A new bylaw passed three readings by Moose Jaw City Council on Monday to delay the city’s 2021 year-end financial statements. 

Bylaw No. 5674 – Financial Statement Preparation Extension Bylaw extends the due date of the audited financial statements for 2021 from Sept. 1 to Nov. 30 this year. The delay has been caused because the city is transitioning into a new enterprise resource planning system. 

Coun. Dawn Luhning requested an update before the bylaw was passed to understand the issues city administration is facing. 

“It just seems like every time the City of Moose Jaw tries to change its financial systems, we run into all kinds of issues and so I just wondered if maybe we need some sort of an update as to how difficult this is or if it's going to be finished soon or what's going on and why,” Luhning said. 

Director of Financial Services Brian Acker said they knew heading into the transition to the new system that significant issues would be foreseen.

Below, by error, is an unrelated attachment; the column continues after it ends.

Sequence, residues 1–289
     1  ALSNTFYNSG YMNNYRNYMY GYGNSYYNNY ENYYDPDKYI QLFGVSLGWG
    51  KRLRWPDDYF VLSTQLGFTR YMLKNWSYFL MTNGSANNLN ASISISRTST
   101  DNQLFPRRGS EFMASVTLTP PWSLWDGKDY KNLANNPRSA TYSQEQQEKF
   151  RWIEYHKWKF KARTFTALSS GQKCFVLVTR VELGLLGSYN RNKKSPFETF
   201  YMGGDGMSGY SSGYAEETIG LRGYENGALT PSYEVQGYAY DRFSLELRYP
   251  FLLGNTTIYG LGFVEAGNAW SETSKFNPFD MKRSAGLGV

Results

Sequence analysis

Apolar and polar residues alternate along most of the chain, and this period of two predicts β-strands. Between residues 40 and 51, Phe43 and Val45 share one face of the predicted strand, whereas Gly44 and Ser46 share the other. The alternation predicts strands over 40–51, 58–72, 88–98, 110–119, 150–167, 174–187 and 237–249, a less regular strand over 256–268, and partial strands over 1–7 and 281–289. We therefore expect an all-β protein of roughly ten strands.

“That is no minor task at all when you look at it. From the financial perspective, we're basically going from two systems that we have now to integrating into one overall system,” Acker explained. 

He added that integrating the two systems into one system is making year-end more difficult to put together. Acker said they are also working with new year-end software, so there is a learning curve, it is during summer and they have to work around summer holidays and finally, they have to work around the availability of the auditor. 

City Manager Jim Puffalt added that they are making progress as the online tax component has been completed and they will be rolling out e-billing and a virtual city hall soon. 

“While we are delayed and this is the first time our business cycle has been affected by the move to a new ERP, we're making good progress and we certainly don't expect that we'll need another extension or delay,” Puffalt said. 

Luhning raised concerns that the deadline of Nov. 30 would also conflict with the city’s budget deliberations. Acker replied that the city comptroller is looking after year-end, so he can focus on the budget process. 

“The majority of budget functions actually still fall under my own position, so that isn't impacted as much. We're actually underway with our budget preparation at this point, so we don't foresee any delays with budgets,” he said.